First contact was a phone screening from a recruiter. He asked me some questions about my experience and based on that he decided on a position to slot me into for an in-person interview. Though I was not currently employed in a tech lead position, I was sent an email informing me that I my in-person interview would be for a tech lead position.
My in-person interview was filled with bad omens from the start. Both myself and another man who looked older than me were waiting in the lobby. Rather than calling out my name and waiting for the candidate to approach him, the interviewer walked straight up to the older looking candidate and asked him if he was me.
Once we sorted that out, I was in a room being interviewed by two managers. My resume had noted that I had a certain number of years of experience with C++. They asked me about that and when they learned that I included non-professional experience in that number, they crossed that number out on my resume and wrote the number of years of professional experience in its place. That bothered me for several reasons, least of which because it implied that they thought that I was misrepresenting myself on my resume. Maybe if they had asked me more questions they would have learned why that experience was relevant.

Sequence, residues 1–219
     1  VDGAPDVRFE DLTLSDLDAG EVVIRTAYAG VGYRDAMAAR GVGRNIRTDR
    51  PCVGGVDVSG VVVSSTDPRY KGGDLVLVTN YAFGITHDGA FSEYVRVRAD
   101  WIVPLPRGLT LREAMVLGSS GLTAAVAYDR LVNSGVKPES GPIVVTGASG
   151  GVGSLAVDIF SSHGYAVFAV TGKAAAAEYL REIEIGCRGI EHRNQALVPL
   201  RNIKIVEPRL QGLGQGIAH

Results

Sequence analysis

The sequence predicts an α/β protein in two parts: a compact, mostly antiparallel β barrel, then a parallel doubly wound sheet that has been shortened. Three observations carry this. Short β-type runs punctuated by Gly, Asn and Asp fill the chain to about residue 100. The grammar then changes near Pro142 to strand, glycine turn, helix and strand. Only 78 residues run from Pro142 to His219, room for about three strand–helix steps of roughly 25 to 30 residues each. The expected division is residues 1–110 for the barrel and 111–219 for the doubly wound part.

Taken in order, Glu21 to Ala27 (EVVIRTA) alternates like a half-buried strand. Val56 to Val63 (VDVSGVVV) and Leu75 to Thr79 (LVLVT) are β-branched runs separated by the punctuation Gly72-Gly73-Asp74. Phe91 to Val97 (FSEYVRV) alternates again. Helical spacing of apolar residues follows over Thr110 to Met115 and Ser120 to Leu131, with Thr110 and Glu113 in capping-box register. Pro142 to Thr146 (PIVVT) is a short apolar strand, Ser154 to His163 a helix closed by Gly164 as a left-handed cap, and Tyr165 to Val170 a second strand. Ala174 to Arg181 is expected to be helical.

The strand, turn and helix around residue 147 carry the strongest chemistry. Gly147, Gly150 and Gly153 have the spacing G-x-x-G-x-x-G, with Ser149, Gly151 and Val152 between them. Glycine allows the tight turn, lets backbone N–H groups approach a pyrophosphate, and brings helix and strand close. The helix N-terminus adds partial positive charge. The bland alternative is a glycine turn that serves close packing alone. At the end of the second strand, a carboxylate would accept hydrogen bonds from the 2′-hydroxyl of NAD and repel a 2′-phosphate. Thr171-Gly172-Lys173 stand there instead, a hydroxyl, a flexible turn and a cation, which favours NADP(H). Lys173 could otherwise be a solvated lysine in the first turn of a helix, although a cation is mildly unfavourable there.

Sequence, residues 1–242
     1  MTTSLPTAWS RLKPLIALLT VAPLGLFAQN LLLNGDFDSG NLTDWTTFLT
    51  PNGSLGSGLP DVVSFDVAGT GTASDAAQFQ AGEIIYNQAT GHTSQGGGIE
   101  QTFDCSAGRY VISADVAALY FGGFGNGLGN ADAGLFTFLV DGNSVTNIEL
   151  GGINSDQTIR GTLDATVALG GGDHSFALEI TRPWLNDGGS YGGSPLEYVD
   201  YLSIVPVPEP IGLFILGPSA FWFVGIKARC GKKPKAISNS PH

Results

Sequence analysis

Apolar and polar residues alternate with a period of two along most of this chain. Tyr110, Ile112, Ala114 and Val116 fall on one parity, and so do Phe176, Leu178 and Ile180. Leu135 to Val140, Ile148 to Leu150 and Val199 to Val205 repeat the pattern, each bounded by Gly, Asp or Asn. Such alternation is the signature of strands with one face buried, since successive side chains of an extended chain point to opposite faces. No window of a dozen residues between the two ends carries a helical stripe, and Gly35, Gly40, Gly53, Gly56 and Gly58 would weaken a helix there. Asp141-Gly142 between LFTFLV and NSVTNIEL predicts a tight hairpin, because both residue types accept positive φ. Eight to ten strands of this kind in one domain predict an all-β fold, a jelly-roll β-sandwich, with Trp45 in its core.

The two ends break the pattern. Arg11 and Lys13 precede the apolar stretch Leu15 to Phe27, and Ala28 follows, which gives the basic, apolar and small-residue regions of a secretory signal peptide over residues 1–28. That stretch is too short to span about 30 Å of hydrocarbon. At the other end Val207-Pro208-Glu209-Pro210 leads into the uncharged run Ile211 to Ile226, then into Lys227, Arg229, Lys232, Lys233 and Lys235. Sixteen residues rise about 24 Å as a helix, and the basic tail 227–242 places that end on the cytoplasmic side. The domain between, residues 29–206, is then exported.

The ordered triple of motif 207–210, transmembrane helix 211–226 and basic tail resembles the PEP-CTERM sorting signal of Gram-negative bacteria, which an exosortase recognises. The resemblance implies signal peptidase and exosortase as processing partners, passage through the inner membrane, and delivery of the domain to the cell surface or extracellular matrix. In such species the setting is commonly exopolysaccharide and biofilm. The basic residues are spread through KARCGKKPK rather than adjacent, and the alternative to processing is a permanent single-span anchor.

We spent some time talking about development process at my then current job and then it steered back to their own processes. They loved dropping big-A Agile buzzwords and would often respond to my questions with, "Well, the books say that..." but didn't really seem to be able to explain the essence of what they were doing. Cargo-cult agile alarm bells were going off in my head at this point.
Then they took a confrontational stance and noted that I was not a tech lead at my then current position but I was interviewing for a tech lead position with them. They asked, "Why should we promote you?" Given that their own recruiter had slotted me into this position for the interview, that was the last straw for me. I was fed up with the way this was going so I responded, "Maybe you shouldn't."